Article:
Dry: A Weekly Western Drought Digest — July 26, 2022


By Delaney Nelson, Circle of Blue – July 26, 2022


  • As of July 19, over 44 percent of the U.S. and Puerto Rico is in drought, a nearly 12 percent increase in the last month.
  • States in the Colorado River’s upper basin respond to the federal government’s call for water conservation.
  • The Albuquerque stretch of the Rio Grande is drying up for the first time in almost 40 years.
  • High temperatures and dry conditions are fanning the Oak fire in Mariposa County, California, which has burned more than 16,700 acres.


Nearly 52 percent of the land area in the Lower 48 states is experiencing moderate drought or worse this week. This year continues to be the largest expanse of drought in the country since 2012-13. These conditions are affecting over 119 million people. According to the U.S. Drought Monitor, dry conditions are present across 225 million acres of cropland.

According to the National Weather Service weather prediction center, the epicenter of intense heat will shift from the Northeast to the South-Central U.S. and Pacific Northwest this week. Warmer temperatures can exacerbate drought conditions by causing more evaporation and drying out soils.

The National Weather Service forecasts intense heat will shift to the South-Central U.S. and Pacific Northwest this week.


Over 94 percent of Texas is experiencing some form of drought, and a fifth of the state is in exceptional drought. Over 22.8 million Texans are affected, including farmers experiencing decreased crop and livestock production. Cities are threatening to fine residents who violate water restrictions. Earlier this month, the North Texas Municipal Water District urged residents to reduce their water use as it had to cease water production at one of its four treatment plants. According to the utility, the system is under stress from drought combined with increased outdoor water use.


      • Lake Mead is 27 percent full, at an elevation of 1,040 feet.



In a letter to the commissioner of the Bureau of Reclamation, states in Colorado River’s upper basin pledged to implement incentive-based programs that would compensate residents to use less water, as well as continue “strict water management and administration” to reduce river water use. The declarations were made by water managers in Colorado, New Mexico, Utah and Wyoming in response to the Bureau of Reclamation’s demand that Colorado River states create a plan to conserve two million to four million acre-feet of water in the next year.

Notably, the upper basin proposal does not include any mandatory cuts and requests federal funding from the bipartisan infrastructure law to improve water management tools. The upper basin states argued that the bulk of the cuts should come from the three lower basin states and Mexico, since they use twice as much water combined as the upper basin.


New Mexico’s “Albuquerque reach” of the Rio Grande is drying up, with stretches of once-flowing water now patches of mud and sand. While it is not unusual for more southern stretches of the river to dry up, this 100-mile portion in Albuquerque, which supplies farmers, has not dried up since 1983. The depleted river is also endangering fish such as the silvery minnow. As of July 19, over 98 percent of New Mexico is in moderate to exceptional drought, affecting two million people. The Climate Prediction Center forecasts that temperatures in New Mexico in the next three months are likely to be above normal. Forecasts also show a slight chance of lower-than-normal precipitation.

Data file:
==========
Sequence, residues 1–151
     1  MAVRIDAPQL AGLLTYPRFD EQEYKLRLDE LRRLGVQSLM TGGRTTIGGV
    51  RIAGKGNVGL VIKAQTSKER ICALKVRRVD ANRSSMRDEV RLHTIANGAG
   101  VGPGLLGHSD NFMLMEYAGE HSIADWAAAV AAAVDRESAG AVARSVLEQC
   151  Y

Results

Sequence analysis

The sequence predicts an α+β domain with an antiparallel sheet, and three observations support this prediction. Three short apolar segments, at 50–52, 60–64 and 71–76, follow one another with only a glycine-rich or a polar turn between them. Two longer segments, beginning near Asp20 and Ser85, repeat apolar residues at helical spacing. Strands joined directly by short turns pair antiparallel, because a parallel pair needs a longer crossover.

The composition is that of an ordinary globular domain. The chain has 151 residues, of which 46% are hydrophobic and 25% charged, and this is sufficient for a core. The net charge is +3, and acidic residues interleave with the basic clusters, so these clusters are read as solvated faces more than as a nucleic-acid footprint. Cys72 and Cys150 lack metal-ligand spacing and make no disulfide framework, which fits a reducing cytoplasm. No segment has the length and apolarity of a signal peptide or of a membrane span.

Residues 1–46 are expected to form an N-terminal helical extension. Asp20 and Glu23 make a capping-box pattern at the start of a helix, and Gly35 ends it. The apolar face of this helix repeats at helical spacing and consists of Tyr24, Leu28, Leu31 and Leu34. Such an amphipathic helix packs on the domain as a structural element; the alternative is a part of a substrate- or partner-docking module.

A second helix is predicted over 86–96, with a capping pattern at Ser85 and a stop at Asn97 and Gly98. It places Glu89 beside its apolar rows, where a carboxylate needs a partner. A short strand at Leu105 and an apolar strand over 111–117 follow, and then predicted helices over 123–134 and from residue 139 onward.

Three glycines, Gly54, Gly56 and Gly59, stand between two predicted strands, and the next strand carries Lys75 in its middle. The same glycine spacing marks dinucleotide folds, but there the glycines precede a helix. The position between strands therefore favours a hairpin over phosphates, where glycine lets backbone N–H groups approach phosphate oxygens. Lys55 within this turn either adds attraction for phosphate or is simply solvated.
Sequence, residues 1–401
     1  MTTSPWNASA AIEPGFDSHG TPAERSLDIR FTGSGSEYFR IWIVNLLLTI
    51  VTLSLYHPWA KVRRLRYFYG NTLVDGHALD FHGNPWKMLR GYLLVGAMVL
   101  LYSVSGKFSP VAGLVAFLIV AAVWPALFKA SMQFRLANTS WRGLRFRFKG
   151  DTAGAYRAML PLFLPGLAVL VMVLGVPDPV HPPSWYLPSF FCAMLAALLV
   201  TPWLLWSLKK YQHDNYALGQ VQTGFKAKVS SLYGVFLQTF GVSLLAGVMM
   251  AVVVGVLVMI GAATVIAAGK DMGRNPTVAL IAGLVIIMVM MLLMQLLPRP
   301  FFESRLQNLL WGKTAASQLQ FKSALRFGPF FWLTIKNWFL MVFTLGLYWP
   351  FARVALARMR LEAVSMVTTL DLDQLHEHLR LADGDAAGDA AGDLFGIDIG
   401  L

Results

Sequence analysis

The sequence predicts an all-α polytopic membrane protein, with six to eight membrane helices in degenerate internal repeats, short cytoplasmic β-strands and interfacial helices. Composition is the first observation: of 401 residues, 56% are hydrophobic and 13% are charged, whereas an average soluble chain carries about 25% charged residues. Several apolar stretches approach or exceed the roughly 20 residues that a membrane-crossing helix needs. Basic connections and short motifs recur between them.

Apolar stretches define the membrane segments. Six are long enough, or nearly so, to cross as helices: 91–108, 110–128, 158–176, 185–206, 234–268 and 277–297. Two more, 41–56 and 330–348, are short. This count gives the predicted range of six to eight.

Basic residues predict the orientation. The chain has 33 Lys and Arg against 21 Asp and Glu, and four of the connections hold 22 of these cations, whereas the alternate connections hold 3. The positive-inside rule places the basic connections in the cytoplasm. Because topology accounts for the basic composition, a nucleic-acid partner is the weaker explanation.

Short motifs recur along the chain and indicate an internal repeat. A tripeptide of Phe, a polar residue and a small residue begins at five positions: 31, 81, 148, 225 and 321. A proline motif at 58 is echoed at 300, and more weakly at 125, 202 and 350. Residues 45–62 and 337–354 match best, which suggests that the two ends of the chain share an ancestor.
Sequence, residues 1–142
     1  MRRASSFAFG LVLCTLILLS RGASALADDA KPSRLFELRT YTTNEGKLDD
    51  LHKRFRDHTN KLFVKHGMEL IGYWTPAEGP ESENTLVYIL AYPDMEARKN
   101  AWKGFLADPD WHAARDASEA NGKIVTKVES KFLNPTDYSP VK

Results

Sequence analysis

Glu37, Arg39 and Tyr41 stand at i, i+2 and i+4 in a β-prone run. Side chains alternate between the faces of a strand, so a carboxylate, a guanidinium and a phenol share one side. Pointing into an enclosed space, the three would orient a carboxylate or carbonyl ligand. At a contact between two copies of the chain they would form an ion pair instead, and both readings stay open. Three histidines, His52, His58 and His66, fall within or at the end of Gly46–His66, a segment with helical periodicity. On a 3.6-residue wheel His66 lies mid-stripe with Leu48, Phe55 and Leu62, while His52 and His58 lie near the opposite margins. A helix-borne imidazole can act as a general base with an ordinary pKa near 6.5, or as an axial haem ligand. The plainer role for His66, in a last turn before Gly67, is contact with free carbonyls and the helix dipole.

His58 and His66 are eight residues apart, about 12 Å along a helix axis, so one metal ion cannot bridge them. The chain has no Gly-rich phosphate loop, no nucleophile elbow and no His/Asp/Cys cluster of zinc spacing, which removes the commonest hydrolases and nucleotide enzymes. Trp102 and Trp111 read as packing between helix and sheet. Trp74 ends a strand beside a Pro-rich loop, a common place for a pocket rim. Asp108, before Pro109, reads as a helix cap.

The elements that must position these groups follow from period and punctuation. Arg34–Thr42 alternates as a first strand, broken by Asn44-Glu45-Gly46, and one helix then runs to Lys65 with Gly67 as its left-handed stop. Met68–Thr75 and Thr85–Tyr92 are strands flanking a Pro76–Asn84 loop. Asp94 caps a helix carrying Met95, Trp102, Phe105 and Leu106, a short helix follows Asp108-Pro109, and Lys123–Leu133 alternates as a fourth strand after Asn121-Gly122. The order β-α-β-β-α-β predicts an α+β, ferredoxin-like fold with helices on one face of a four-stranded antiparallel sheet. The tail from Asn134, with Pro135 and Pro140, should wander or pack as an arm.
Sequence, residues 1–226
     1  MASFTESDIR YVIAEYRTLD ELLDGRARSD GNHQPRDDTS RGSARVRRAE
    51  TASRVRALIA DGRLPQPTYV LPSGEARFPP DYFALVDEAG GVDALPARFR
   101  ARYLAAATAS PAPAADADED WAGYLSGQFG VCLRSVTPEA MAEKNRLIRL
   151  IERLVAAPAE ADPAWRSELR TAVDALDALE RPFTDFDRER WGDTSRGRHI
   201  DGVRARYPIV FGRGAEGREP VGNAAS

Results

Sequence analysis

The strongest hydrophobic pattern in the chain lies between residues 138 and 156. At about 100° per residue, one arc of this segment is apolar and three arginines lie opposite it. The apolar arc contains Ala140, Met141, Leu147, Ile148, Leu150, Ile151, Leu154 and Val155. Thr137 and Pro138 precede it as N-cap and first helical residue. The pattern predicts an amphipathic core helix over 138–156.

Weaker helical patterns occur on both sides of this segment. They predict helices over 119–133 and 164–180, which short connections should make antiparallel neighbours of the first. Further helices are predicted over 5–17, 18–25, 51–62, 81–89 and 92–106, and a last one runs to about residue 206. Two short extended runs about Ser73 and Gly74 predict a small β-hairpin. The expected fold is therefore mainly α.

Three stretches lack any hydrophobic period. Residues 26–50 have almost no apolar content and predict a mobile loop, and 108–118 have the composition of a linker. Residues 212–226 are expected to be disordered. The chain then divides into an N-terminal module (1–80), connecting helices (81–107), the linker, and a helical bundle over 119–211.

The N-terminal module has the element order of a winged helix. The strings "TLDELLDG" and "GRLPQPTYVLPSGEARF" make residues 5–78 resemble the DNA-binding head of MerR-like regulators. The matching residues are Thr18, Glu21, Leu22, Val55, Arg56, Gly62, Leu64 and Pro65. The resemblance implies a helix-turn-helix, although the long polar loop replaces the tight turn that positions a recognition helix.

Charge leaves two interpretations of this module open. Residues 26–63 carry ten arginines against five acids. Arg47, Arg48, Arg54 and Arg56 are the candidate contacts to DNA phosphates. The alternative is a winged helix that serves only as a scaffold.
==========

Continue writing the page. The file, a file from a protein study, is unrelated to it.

In the two days that the Oak fire in Mariposa County, California, has been active, the flames have burned over 16,700 acres amid dry conditions and triple-digit temperatures. The state’s largest fire this year is only 10 percent contained. The fire has destroyed seven single-residence structures, according to the state’s fire agency. Gov. Gavin Newsom declared a state of emergency for Mariposa County, which has told 3,000 people to evacuate their homes. Almost the entire state is experiencing some form of drought, and nearly 60 percent is in extreme to exceptional drought.


The U.S. House of Representatives is expected to vote this week on a wildfire and drought package intended to tackle the climate crisis. If passed, the 48-bill package would allocate up to $500 million to the Interior Department to address declining water levels in Lakes Powell and Mead. It would also establish a multi-agency initiative to enhance federal water data, allocate more funding to a water recycling program and implement cost-sharing requirements to ease tribal access to conservation projects. House Republicans oppose many provisions of the package, E&E News reports.


1 reply
  1. Martin Konopko says:

    Short finding someone who genuinely knows how to do a rain dance the interim solution for the southwest is simple
    1- This is a regional or national problem and needs to be resolved at the federal level
    2- Conservation is key. We must install leak detection and ban the watering of ornamental grass.
    3- The tapping of Aquaphor’s needs to be regulated.
    4- Those states that depend on the Colorado River need to agree to:
    A: CA will give up all CO River water
    B: The remaining states that receive CO River water must compensate CA by paying for a desalinization plant(s) sufficient to make up for the water lost to the state of CA.

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